Every citizen of this country is innocent until proven guilty. It is completely the responsibility of the prosecution to prove guilt. The citizen does not have to prove innocence. The first step in a prosecution for not having insurance should begin with the reasoned analysis of the officer on the scene of a traffic stop to determine probable cause that the person did not have insurance before the person is criminally charged. It is impossible for a camera and computer system to exercise due diligence in considering the totality of the circumstances before criminally charging the person and mailing that ticket. As the law is currently enforced, a person has to show an officer an insurance verification form as proof of insurance. The law requires that the person must carry this form in the vehicle to show the officer. If the person fails to do so, when the person gets the ticket, he then will have to obtain the form and drive to the court clerk's office and get the ticket dismissed. All these extra steps are reasonable because the person did not have the form in the vehicle as required to show the officer. The person at least had the opportunity to give facts to the officer that could prevent being charged. The automated system does not give the driver the opportunity to show the form. What if the person bought the vehicle from someone that day and the new owner had insurance where the previous one did not? The previous owner would get a ticket. What if the data was entered into the system incorrectly and the owner did have insurance? What if a criminal swapped tags with an uninsured inoperable vehicle? All these scenarios would lead to an innocent person being falsely charged. There were no steps these owners could have foreseen and taken that would have prevented the system from automatically criminally charging them before the ticket was mailed. These innocent people will now be forced to take their time and possibly have to leave work to obtain the necessary documents to show the court clerk to prevent them from being fined or arrested. No innocent person should have to be forced by the decision of machine after being falsely criminally charged to have to take time and effort to prove innocence to avert being prosecuted. When a city or State government delegates its responsibility to enforce its laws to a computer, it is deliberately mitigating its accountability to its citizens and has to be doing so for other reasons than law enforcement. This brings me to my next concerns.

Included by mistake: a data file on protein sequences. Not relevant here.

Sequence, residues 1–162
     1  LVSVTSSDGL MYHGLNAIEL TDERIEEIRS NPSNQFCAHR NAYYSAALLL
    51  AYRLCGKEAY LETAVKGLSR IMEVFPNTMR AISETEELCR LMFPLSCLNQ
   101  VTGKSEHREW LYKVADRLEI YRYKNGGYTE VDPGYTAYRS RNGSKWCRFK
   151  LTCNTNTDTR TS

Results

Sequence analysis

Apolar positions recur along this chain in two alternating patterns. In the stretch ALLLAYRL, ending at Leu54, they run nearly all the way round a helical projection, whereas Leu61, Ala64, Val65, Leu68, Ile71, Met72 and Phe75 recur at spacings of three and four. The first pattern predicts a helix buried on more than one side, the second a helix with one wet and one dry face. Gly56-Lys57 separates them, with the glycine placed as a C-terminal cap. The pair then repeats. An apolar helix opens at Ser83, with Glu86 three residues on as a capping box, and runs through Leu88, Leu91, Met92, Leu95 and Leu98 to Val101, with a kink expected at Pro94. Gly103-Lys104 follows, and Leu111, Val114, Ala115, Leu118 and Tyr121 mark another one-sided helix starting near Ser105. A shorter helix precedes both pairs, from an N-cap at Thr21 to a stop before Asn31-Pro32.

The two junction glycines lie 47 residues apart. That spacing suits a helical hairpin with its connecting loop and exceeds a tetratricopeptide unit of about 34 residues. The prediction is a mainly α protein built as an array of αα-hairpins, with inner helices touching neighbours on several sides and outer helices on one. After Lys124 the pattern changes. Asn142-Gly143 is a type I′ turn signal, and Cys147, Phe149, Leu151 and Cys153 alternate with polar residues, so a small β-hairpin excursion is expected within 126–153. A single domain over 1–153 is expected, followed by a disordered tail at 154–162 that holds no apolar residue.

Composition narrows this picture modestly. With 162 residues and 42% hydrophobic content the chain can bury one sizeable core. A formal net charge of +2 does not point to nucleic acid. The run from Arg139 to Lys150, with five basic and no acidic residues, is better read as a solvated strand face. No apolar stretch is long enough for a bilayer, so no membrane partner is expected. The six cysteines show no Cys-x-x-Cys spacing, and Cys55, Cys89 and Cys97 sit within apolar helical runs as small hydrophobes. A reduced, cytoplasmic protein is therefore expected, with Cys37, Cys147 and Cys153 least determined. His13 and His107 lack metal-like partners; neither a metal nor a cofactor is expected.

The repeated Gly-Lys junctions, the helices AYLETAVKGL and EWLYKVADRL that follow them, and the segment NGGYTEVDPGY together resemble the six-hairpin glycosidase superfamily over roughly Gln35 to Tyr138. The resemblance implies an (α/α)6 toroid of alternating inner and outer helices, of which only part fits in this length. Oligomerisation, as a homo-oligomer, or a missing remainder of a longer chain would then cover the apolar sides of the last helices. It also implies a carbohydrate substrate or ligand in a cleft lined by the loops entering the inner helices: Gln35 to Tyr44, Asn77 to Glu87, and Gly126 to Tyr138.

The Verification System for Motor Vehicle Insurance law went into effect on November 1, 2010. Is the true purpose of the law to get the vehicle owners in Oklahoma to obtain liability insurance, or is its real purpose to fill the state coffers with much needed money? I would hope that our state representatives were being thoughtful of the citizens of Oklahoma and created this law to protect them from uninsured motorists. The manner in which this law was crafted and being implemented seems to be by design to take advantage of the high numbers of uninsured motorists in the state to quickly and cheaply detect, fine, and collect millions of dollars for a cash strapped state. To support this statement, I would like to point out that the verification system is interlinked to the state vehicle registration system. When the vehicle tag is run through the system, the readout will display the vehicle registration information and the insurance information. The computer system will be allowed to use this data to run every vehicle that passes a camera and determine there is no current insurance listed in the record, then mail a citation. The computer will be able to use the system to directly enforce the insurance law. The statute, however, is worded in such a manner as to prevent a police officer on patrol from doing the same thing. Police officers can only use the system to verify insurance after they make a traffic stop or during an accident investigation. They cannot use the system to run a tag during routine patrol and utilize the information to justify a traffic stop for no insurance (S.S. 47-7-600.2.A.10).A machine can use the information to directly enforce the law, but police cannot.